Down the Road

Roads and life and how roads are like life

Standing in the middle of the old Brookville Road

13

I’ve made much on this blog about the Michigan Road, which was commissioned by the Indiana state legislature in 1828. I routinely call the Michigan Road the state’s first highway. With its 100-foot right-of-way and 270-mile length, it was the grandest and most important road Indiana built in its early years. But the state did fund and build other roads before the Michigan Road.

In 1821, the legislature set money aside to build ten roads from Indianapolis to various points around the state. One of those roads was to stretch 78 miles to the Ohio state line near Cincinnati via the little town of Brookville, for which the road was named. It was built starting in 1828. You can still drive the Brookville Road today; it is US 52 (and old US 52 in Indianapolis and near the Ohio line). It’s still called Brookville Road in Indianapolis.

As is the story with so many old roads that became modern highways, it has been straightened, widened, and moved in many places. Just before US 52 leaves Indianapolis to the east, a tiny strip of old pavement stands by, a segment of the road’s older alignment there. It’s in the upper left corner of this map segment, but it’s not hard to trace its original arc from there.

Imagery © 2011 Digital Globe, GeoEye, Indiana Map Framework, USDA Farm Service Agency. Map data © 2011 Google.

My buddy Sherrel and I were returning from our fried-chicken adventure in Morristown when we saw this abandoned segment. I know I can wear out my friends with my roadgeekiness, so I didn’t say anything. But then Sherrel said, “Hey, you wanna stop and take a look at that?” He didn’t have to ask me twice! I made a quick U turn and pulled right up onto the old road.

Abandoned Brookville Road

According to historical aerial imagery at MapIndy, this segment of road was in service until sometime between 1956 and 1962. The new alignment was lower than the old, making it necessary to dig out this chunk of the old alignment so a property owner’s driveway could connect.

Abandoned Brookville Road

The historic aerials show that the old road surface was removed east of this segment. But as this eastbound shot shows, few trees have grown up in the old roadway.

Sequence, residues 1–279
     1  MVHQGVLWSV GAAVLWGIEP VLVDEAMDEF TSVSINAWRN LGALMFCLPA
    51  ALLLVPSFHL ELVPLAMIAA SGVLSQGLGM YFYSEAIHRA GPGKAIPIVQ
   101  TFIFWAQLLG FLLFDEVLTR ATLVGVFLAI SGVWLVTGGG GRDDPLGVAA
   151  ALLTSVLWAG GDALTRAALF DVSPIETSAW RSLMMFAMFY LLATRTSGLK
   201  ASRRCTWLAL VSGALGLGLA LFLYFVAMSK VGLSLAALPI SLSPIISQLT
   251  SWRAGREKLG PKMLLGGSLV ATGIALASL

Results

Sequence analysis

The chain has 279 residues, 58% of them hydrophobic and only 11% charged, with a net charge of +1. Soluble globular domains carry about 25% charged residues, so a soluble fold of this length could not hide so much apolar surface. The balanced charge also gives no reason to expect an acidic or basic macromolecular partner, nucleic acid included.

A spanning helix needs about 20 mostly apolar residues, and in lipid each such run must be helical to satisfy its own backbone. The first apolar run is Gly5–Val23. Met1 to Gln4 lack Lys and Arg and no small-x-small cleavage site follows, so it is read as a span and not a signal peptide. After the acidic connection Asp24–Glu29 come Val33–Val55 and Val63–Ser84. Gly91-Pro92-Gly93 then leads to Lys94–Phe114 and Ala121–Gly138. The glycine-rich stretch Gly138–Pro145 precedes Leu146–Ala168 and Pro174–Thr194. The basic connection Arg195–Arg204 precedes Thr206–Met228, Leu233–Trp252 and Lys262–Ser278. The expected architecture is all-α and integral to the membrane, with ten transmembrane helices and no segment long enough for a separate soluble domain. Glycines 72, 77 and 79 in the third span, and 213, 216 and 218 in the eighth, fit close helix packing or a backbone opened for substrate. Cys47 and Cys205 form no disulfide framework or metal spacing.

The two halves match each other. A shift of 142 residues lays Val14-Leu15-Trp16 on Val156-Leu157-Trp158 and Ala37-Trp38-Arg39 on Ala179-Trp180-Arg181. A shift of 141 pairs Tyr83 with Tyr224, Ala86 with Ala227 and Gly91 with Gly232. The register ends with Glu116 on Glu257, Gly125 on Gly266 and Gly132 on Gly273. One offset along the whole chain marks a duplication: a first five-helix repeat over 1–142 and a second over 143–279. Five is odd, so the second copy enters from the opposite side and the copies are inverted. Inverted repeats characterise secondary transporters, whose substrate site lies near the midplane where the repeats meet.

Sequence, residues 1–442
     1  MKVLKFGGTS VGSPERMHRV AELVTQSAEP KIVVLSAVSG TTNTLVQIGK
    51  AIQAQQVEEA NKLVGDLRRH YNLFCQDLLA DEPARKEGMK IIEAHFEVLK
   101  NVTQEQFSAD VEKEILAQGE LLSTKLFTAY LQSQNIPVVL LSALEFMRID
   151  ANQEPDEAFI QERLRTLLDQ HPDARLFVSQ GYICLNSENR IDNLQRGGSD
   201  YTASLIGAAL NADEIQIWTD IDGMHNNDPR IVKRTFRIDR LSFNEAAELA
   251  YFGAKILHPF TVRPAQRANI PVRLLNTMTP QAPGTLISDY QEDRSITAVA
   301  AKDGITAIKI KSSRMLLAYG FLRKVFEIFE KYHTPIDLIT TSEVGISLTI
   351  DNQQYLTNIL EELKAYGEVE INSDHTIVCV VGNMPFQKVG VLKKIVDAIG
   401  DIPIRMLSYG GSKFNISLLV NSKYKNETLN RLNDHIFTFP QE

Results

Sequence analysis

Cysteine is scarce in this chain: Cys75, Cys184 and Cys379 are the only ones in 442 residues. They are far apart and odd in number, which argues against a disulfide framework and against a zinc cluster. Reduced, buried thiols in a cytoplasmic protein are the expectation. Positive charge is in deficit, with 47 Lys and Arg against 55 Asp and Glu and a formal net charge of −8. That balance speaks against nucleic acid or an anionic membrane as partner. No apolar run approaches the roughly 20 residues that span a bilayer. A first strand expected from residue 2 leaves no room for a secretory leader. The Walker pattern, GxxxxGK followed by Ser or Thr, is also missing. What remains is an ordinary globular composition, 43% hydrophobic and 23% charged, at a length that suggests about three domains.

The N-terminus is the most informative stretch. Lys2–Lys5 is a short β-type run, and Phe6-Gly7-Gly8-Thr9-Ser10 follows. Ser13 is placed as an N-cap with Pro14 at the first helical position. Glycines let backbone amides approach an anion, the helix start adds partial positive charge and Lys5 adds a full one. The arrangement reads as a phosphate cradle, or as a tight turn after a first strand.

Abandoned Brookville Road

Sherrel wanted to walk the old roadway, but I was worried we’d be trespassing on private property. But looking at the property lines on MapIndy, this strip is still in the state’s right-of-way, and we could have explored it. Sorry Sherrel!

Check out some of the other abandoned roads I’ve known and loved. Read about it here.

13 thoughts on “Standing in the middle of the old Brookville Road

    1. Jim Post author

      It wouldn’t take long to follow it to its end. If you look on the map above, there’s a creek on the east end. The old road used to cross a former bridge there and then it merged with the current road’s path.

  1. Scott Palmer

    I’ve been on Brookville Road and it was really cool — even to a non-”roadgeek.” What I remember most vividly was how much it wound around in hilly and wooded areas before finally arriving at Brookville.

    About 10 years ago, The Indianapolis Star listed Brookville as the “least diverse” town in Indiana, and I wanted to see what it was like. Driving there was like being in an old “Twilight Zone” episode about a lost town that wasn’t on any maps. I suspected that Brookville was “non-diverse” because it was so hard to reach. The dominant forces of our era had left it alone instead of pulverizing it and plowing it under.

    1. Jim Post author

      I drove Brookville Rd. to Cincy once and had the same experience you did, wondering how I stepped back in time. It was a fun drive, though.

    1. Jim Post author

      I considered mentioning the “textured tarmac” but thought that would be too roadgeeky. But I have noticed on Indiana and Ohio roads that stretching back to probably the 1920s and 1930s, aggregate used to make pavement was not crushed to standard size. So you’d find rocks of various sizes in the pavement. I’m not sure when crushed, standard-sized aggregate started to be used. But it is possible that this stretch of highway was paved as early as the 1930s.

What are you thinking?

Fill in your details below or click an icon to log in:

WordPress.com Logo

You are commenting using your WordPress.com account. Log Out / Change )

Twitter picture

You are commenting using your Twitter account. Log Out / Change )

Facebook photo

You are commenting using your Facebook account. Log Out / Change )

Google+ photo

You are commenting using your Google+ account. Log Out / Change )

Connecting to %s

Follow

Get every new post delivered to your Inbox.

Join 1,355 other followers

%d bloggers like this: